JOHN HUMPHRYS; David Davis, let me remind you of what Iain Duncan Smith said, of how your party is changing. We're going to have a radical process of change, the most radical, most exciting since the last Tory government in 1979. Sounds terrific! But it hasn't happened, has it. Sixteen of the twenty-five new policies are old ones. DAVID DAVIS; Well, so you say. I mean.... HUMPHRYS; They say. DAVIS; To take the one - take the one that took the major part of your film. I mean you had everybody but Laurel and Hardy in there. But.... HUMPHRYS; Could not afford Laurel and Hardy....... DAVIS: Could not afford Laurel and Hardy, but take the one of right to buy, the one which is specifically in my area. When we were researching this and we've done a year's research since the election on this, one of the issues which were central to it was the question of availability of housing for new people who want to be in social housing, new poor people really in this context mostly, in houses....and we came to the view that the one way we would actually harness the right to buy, to help those people rather than as it's argued to oppose them, was to actually say: right all of the money, for every single penny raised from the sales of right to buy will go straight back in to providing new social housing. Now it may not sound terribly dramatic but actually would have the effect of producing thousands, many thousands more houses in areas like London. So, yes, there has been quite a lot, and I can go through the whole lot for you. HUMPHRYS; Well, we'll just deal with that one for the moment. I mean it not only doesn't sound terribly dramatic, it doesn't sound new, and that's the point that Andrew Lansley made. We announced that policy, he said in 1999, and again in 2000. So where is the newness? Where is the dramatic radicalism. DAVIS: The newness, the newness is in the fact that we're harnessing this policy to actually provide extra available housing, not extra.... HUMPHRYS; It's a nuance isn't, it's not a dramatic new policy. DAVIS: It's hardly a nuance, the Deputy Prime Minister, my opponent, spent a great deal of time leaking stories to The Guardian and then talking about it in the primary part of his speech at the party conference, his party conference, saying: we're going to limit this because it cuts the availability of social housing. What we're proposing..... HUMPHRYS: In certain areas... DAVIS: Yes, just the opposite of that. I mean you're getting twenty-two thousand new houses each year. Actually, significantly down on what Tories gave back in '97 and before, and what this will do will add probably half as many again, probably over ten thousand, which is a huge change, a huge change. Well what's more, a lot of your argument here in this film was about image, was about presentation.... HUMPHRYS; Can I come to that later, I promise to return to that in a moment, but let me just deal with this specific point about that housing. I mean Edward Garnier made the point there that it sounds alright in theory, but when you actually look at it in practice because of the discounted price that you get when you sell council houses and all the Housing Association homes, you're not going to raise that much money, you're not then going to have that much money to build the new homes, which takes time anyway, and what you're doing in the meantime, is you're actually reducing not increasing the stock of affordable homes to people who can't buy their own homes anyway, and that's really the point is not just that this policy is not new, it won't work. DAVIS: It will work. I mean one of the things that was just plumb wrong about John Prescott's original argument, this stock of homes, is that stock actually isn't what's available. Typically in, and I'm incidentally of all the people you've had on your programme so far, I think I'm the only one who grew up in a council house, I'm rather conscious of this, acutely in fact. People who live in social housing typically live there for very long times, twenty, sometimes thirty years, often over a couple of generations because that's what the rights allow people to do. Why - because they can't find a house elsewhere, or it's very much more expensive, or whatever reason, so the result is that a very tiny fraction of stock becomes available. In London it's three per cent per annum, becomes available for new people to actually have these houses. So actually these houses are not available, and what we're saying is that by allowing people to exercise the right to buy we're going to release the capital, and it's quite a large sum because in all the sums, and we've been through some great deal, in all the sums people do they forget that actually Housing Associations have made quite big profits on houses like everybody else, houses have gone up in value over the time, and they'll crystallise that increase in value, and that will be available for buying new houses or refurbishing houses or buying old houses for that matter to make available for people who want social housing who need social housing. It will make a marked difference to the amount of social housing available. I said twenty-two thousand a year is what's planned, it'll add many, many thousands to that, many, many thousands to that on any calculation you care to make. HUMPHRYS: The trouble with that argument is, this touches on wanted to raise the question of the party's image, and this is absolutely crucial to it, is that it's the sort of argument different in nuance as I say - you will say different in substance, but there we are - the sort of argument one heard from Margaret Thatcher in her day, it was her policy, it has been the policy of successive Conservative governments. This is not a new policy, it's a variation on an old policy.(INTERRUPTION) If I can just make the point, that you talk about council house sales, public housing sales and you think instantly, Ah, Margaret Thatcher, that was the policy with which she was most identified, and ......yep, finish. DAVIS: If you are concerned about image a simple point. HUMPHRYS; You are. DAVIS; Well - your argument, I'm actually, mostly concerned at this stage in the parliament about getting robust policies that work, actually, that's the most important thing. HUMPHRYS; In order to improve your image. DAVIS; Not just - in order to provide something that the public thinks worth voting in, that's the important thing,. Now, if you look at this policy sixty-five per cent of people like this policy, think it's a good policy, sixty-five per cent. Those are the numbers, they vary a bit up and down the country, but that's the sort of numbers you get. Now that doesn't indicate to me that people's instant reaction to this is, Oh dear, it's an old Tory policy. HUMPHRYS: Well, it does to one of your men, former Shadow Minister, Andrew Lansley, he says it's harking back. That's the whole point isn't it? DAVIS: If he is worrying about image, he should look straight to the outcome and the outcome here is sixty five per cent is.. think it's a good idea. Now, can I just pick up a point, I mean you did raise Edward Garnier's point, I think he has got the makings of a small point in there, which is of course in rural areas you can have some difficulties, you can't always use the cash to buy a new house, but on those issues specifically we are consulting with the Rural Housing Trust in order to...okay how can we do this? Should we give the Trust a right to buy back when people move out of the house at a market rate, and so on? Should we have a limit, there are already limits in Local Authority housing right to buy arrangements which then...if a settlement is below a certain size we don't allow the right to buy to exercise there. There are things that are worth looking in some detail, but they are quite technical. The main thrust of the policy is going to give the best part of nearly a million people the right to buy...a million tenants the right to buy, sorry which is very important. These are people who..they're not rich, perhaps forty per cent of them are above the...forty five per cent of them are above the housing benefit levels...but they are not rich, any of them and this is the only chance to get on in society and we want to give it to them. HUMPHRYS: Alright, let's broaden it out to this old question of public services. Now this is an area where you have changed...certainly you have changed your language because you are saying public services is..are our priority now and you talk about them a great deal. The problem is when you get down to the detail of the sorts of things you want to do, it looks pretty right wing stuff that is going to alienate rather than encourage the sort of supporters you need, the new supporters that you need. DAVIS: It always makes me chuckle when people call them right wing because... HUMPHRYS: Private health insurance is regarded as a pretty right wing policy. DAVIS: I'll give you they involve a great deal of freedom and a great deal of choice and a great deal of decentralisation down to individuals and of course if that's right wing I plead guilty. HUMPHRYS: You would hardly call that sort of stuff left wing, would you? DAVIS: I plead guilty to that. HUMPHRYS: Right. DAVIS: But the reason... HUMPHRYS: David Davis right winger admittedly. DAVIS: The reason I chuckle is because when we did the first year's research and afterall this is only first year's research, the first year's research behind this, one of the primary things we did was to go round the continent of Europe looking at how they did it, all these right wing places like Sweden... HUMPHRYS: They don't vote for you on the Continent. DAVIS: ..and France and Germany. I know but you're portraying them as right wing. What we were looking at were the European...the continent of the European models of healthcare delivery, of education delivery and what we found was across the board a number of ideas came to the fore. Firstly, although the State guaranteed or funded the service, it didn't always provide it, it didn't wasn't always the monopoly provider, it allowed other people to provide it and then it provided the cash - it guaranteed the standards and people had choice as to where they went for their schooling, their health or whatever, so that's point number one. Point number two is we are interested in policies which are sustainable, that stand up on their own, that keep going on their own, that they're structural if you like and so on education of the models we looked at was Holland. Holland has a funding of education almost identical to our own and yet it has markedly better outcome. HUMPHRYS: Alright... DAVIS: Why? Because it allows the parent to choose where to spend the taxpayers' money and that's where the State scholarship came from, that idea in the true sense. HUMPHRYS: If we look at the NHS and what you are planning to do there is to allow part of our money to go towards buying private medicine if that's what we want, private stay in hospital. Now Archie Norman, former Chairman of the party, says "We are meant.." and I'm quoting him "We are meant to be caring for the vulnerable, we have to explain how this is going to help them. The flagship should be reform of the NHS, not just helping people to go outside the NHS" which is what your policy would be doing. You would be positively encouraging people to go outside the NHS. DAVIS: You've picked off one component, one of the other components... HUMPHRYS: Very important component... DAVIS: One of the other components of course was the foundation hospitals which... HUMPHRYS: Sure. DAVIS: Which Labour are struggling with and we are very clear on. HUMPHRYS: Alright, but let's deal with this question of paying people effectively to go outside the NHS. DAVIS: Mr Humphrys, Mr Humphrys, you can't just deny the other half of the policy. HUMPHRYS: No, no. I am giving you the policy that is presenting difficulties for your own supporters. DAVIS: In terms of helping the vulnerable, the first thing to say is that you have now got about a quarter of million people every year - it's gone up by a third in two years flat - a quarter of a million people every year who cannot wait, they're in so much pain, so much fear, that they cannot wait for the Health Service to deliver. Over half of them are pensioners, they're not rich people. HUMPHRYS: No, didn't say they were. DAVIS: They're not rich people. One of my own constituents wrote to me saying he had sold his house so he could get a heart operation. He is going to live in Spain because it's cheaper there. Now, these are not rich people we are talking about. What we are saying here is like some Continental countries we are going to look to provide support for them. This is not huge sums of money by comparison with the rest of the Health Service. Now that's going to have two effects - one is that it's going to help people who are actually the vulnerable - they are classically the vulnerable - people who have been let down by the Health Service. HUMPHRYS: Oh, come it will also help people who are already...I mean if I were rich and I were already taking out private insurance, it would help me enormously. It would help your core supporters more than it will help anybody else. And that's precisely the problem. DAVIS: No, that is not true. I mean... HUMPHRYS: It's what Archie Norman seems to think, the former Chairman of the party. DAVIS: I suppose we could put in a clause explicitly excluding you from having the benefit of this, but the..but the main... HUMPHRYS: Do you take my point? It will help people who are already using private health insurance. DAVIS: My point to you is, the people who are using private health insurance normally are the wealthier ones, they've got it. This is for... HUMPHRYS: Even wealthier after this. DAVIS: This is the pay as you go people we are talking about here. These are people who have got to find the cash out of their savings, out of selling their house, whatever. These are the ones who are under real stress and that's the most important thing and over half of those are pensioners. The second component about it is this, it takes them out of the queue. If you're standing in a queue for the Post Office or whatever, and somebody leaves the queue ahead of you, you're pleased, because you're closer to getting into your, as it turns out, your State hospital or whatever, and it does that too. So it actually helps the vulnerable directly. It's not the main thrust of the policy and there will be many more strands further down the road, but it is important in that it does specifically set out to help the vulnerable. HUMPHRYS: Let's look at your social policies. The Adoption Bill is coming up in the Commons again this week, tomorrow. Now this will allow couples who are not married and homosexual couples to adopt children. It is your policy to oppose that. You are, once again, I am suggesting to you, out of touch, and this helping the vulnerable and being in touch with people and being a modern party, when it actually comes up to scrutiny, doesn't stand up. DAVIS: Right, well here of course, I used to be the Chairman of the Conservative Adoption Forum of the last Parliament. I have again a strong personal interest in the area. The key issue here is the rights of fifty thousand plus, it's much more than fifty thousand - youngsters who are caught in institutions or bouncing between various foster parents and so on. They are, if ever there is group which you might term vulnerable, these are they. Damaged kids, emotionally and physically damaged, they have suffered abuse, many of them, many of them end up in crime, many of them end up on drugs and so on. These are the people who are the prime concern. Now, they want...what you want to give them is the most stable environment you possibly can. HUMPHRYS: You want to give them a happy home life and you seem to be suggesting that couples who are not married cannot give them that. Indeed you are suggesting that. DAVIS: No, no, not at all. HUMPHRYS: That's exactly what you're doing, you're saying they shouldn't be allowed to adopt these children. DAVIS: Two things about this. One is a misunderstanding about the law and one is the logic of the argument. The first thing is this. A simple statistical exercise, you've got fifty odd thousand youngsters, so you've got to approach this, I'm afraid on a statistical basis, what's going to work for most of them, most of the time and on the statistical basis, married couples tend to stay together for longer from the arrival of a child, than unmarried couples, that's just hard fact, we can't get away from that. HUMPHRYS: The logic of that is that unmarried couples shouldn't have children, aren't good parents, shouldn't be allowed to have children. DAVIS: No, No, No, that's their choice, but what we've got to do, these children are effectively, well in effect they are wards of the state so we have a moral responsibility directly to them, so that's point one. Point two, just remember what the law is currently, the law currently allows single adoption, has done for a significant length of time... HUMPHRYS: Indeed and we're seeing Local Authorities now breaking the rules to allow homosexual couples to adopt. DAVIS: That won't change, the single adoption issue. If we were to win this vote, that wouldn't change and I have to tell you that having looked at many, many adoption cases, there are cases where single people have adopted, often widowed or divorced women who have had families before and they've got a good track record of raising their children and they've done a fantastic job. I saw a lady raising two autistic kids, so that can still happen. Now the difference here is this, if a youngster is adopted and two or three years later the couple break up, in the case of a single adoption, unmarried or gay, whatever you want, there's no dispute, there's no custody dispute, there's no... HUMPHRYS: I take your point that there are powerful, emotional difficulties. But should you not at least allow your MPs to have a free-vote to decide according to their conscience, that would be the approach of a more liberal party, if that's what you have supposed to have become. DAVIS: Well, it's..this is the party policy. I mean... HUMPHRYS: That's, that... DAVIS: There will be people who will vote against it, it's a pretty loose free-vote anyway. I think there will be an awful lot... HUMPHRYS: Well, there's no such thing...three line whip... DAVIS: We don't have a two line anymore unfortunately because of technical reasons I can't bore you with. HUMPHRYS: So in other words you don't mind. You wouldn't mind if let us say, front-benchers voted against you. DAVIS: No, no. The issue is important, the issue matters. It's not one which is..which has sort of been come to very quickly, it's a very, I think..I hope you've determined from what I've just said to you, a very carefully thought out one where the important thing to recognise here is that the rights of the children supervene any other rights. The rights to a good chance, that's all it is, 'cause many of them will go wrong anyway, the right to a good chance, the best chance we can give them. And frankly, I have to say to you, I don't think actually the public looking at this will think, the public in the country at large looking at this, will say this is illiberal or irresponsible. They'll say they are looking very carefully at what the rights of the youngsters are and doing the best they possibly can for them. HUMPHRYS: Let's talk about the leadership. Grave reservations amongst your colleagues about the leadership of Iain Duncan Smith, Andrew MacKay... DAVIS: is said in the newspapers... HUMPHRYS: It's more than said in the newspapers isn't it and you know very well that it's more than said in the newspapers because it's the talk of the tea-rooms and all the rest of it and we heard Andrew MacKay there saying there are legitimate concerns and there are aren't there. These things aren't just whistled up out of fresh air. DAVIS: I have to say to you actually, that last week there was a clear briefing exercise of three newspapers, the same words... HUMPHRYS: By disaffected Conservative MPs, so it isn't just got up by the newspapers, they didn't make it up. DAVIS: I cannot remember, I cannot remember in my time in Parliament and I've been in since 1987 when there weren't some disaffected MPs. What concerns me, I have to tell you, is that if we carry on doing this and undermining leaders we're never going to get anywhere. I mean I, when we had our last leadership election, I stepped down in favour of Iain, there was a reason for that, the reason for that was that - part of that I like him I'm his friend - I also support what he stands for. In fact our views on public services, what we've been talking about so far, are very, very similar, so... HUMPHRYS: So you're saying these MPs who are doing the briefing are destroying the party, can I summarise you in saying that they are destroying the party. DAVIS: The people doing the briefing are doing harm to the party, there's no doubt about that, destroying.... HUMPHRYS: Making you unelectable? DAVIS: Well I don't want..if you don't mind I'll pick my own words... HUMPHRYS: Offering you a choice of words. DAVIS: No, no, I'm not going to take this as a sort of multiple choice question interview if you don't mind. What I think they are doing are making Iain's job incredibly difficult, incredibly difficult. HUMPHRYS: Is he going to lead the party at the next election - without any doubt at all? DAVIS: Yes, as certain as I can be, subject to sort of strikes by lightening. I am certain that he'll make it to the next election, he'll lead us into the next election and... HUMPHRYS: So you would rule yourself out then from standing before the next election? DAVIS: What I am about...I don't expect him to stand down....and what's more I'll do more than that, I mean this is about the tenth, eleventh, twelfth time I've answered this question over the course of the summer and the point I think I ought to get across is that I positively don't want him to stand down. I don't want these attacks on him, I will do what I can to prevent them. HUMPHRYS: If he did, for whatever reason, will you rule yourself out, no, this is a very, very valid question, if he were to... DAVIS: ..yeah, but this is a 'have you stopped beating your wife' question... HUMPHRYS:, on the contrary, because if you were to say.. DAVIS: There's no vacancy. HUMPHRYS: No, no, indeed there isn't at the moment as there wasn't when Michael Heseltine famously said what he said. What I am asking you do to and you could give Iain Duncan Smith a great deal of support here, or you could continue... DAVIS: Well he can have my support...I don't... HUMPHRYS: I'm sure he can have your support, but what I am asking you to do, is go that step further and say, I am ruling myself, David Davis, I am ruling myself out of standing. DAVIS: I do not want him to stand down, I don't want him to go... HUMPHRYS: Heseltine said "I can see no circumstances in which"... DAVIS: It's more than that, I want him to stay, I am positively a supporter of his. HUMPHRYS: You want him to stay, but what I am saying is if he has to go, and he may to go would you rule yourself out from standing? DAVIS: I don't think he will go. In fact I am almost certain he's not going to go. HUMPHRYS: You're not going to answer that question are you. You're almost certain he's not going to go. You are almost certain he's not going to go. DAVIS: I am as certain as I can be. How's that. I am as certain as it is possible to be that he can fight the next election for us, that I am going to do everything possible to help him win that election and make him the Prime Minister. In which case, all of your..all of your questions become entirely hypothetical. HUMPHRYS: David Davis, many thanks. DAVIS: Thank you.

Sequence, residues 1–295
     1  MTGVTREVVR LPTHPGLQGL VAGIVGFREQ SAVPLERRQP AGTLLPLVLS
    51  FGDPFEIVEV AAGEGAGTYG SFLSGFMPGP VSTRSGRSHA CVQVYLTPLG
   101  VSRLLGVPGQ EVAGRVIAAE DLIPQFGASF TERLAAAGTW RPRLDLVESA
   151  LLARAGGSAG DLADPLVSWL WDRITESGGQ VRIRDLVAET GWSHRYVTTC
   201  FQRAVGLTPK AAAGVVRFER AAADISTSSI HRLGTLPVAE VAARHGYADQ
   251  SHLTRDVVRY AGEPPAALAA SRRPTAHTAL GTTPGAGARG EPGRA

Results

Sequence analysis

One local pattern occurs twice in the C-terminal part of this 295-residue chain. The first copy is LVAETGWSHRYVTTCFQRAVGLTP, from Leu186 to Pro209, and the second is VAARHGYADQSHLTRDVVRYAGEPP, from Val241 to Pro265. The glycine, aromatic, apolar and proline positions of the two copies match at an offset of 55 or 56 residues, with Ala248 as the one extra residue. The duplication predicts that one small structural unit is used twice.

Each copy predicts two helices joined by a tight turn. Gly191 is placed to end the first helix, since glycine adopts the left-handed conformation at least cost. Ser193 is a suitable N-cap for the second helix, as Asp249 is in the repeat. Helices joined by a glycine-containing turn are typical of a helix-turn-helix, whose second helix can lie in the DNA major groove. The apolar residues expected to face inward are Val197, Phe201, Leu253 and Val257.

NB. This transcript was typed from a transcription unit recording and not copied from an original script. Because of the possibility of mis-hearing and the difficulty, in some cases, of identifying individual speakers, the BBC cannot vouch for its accuracy.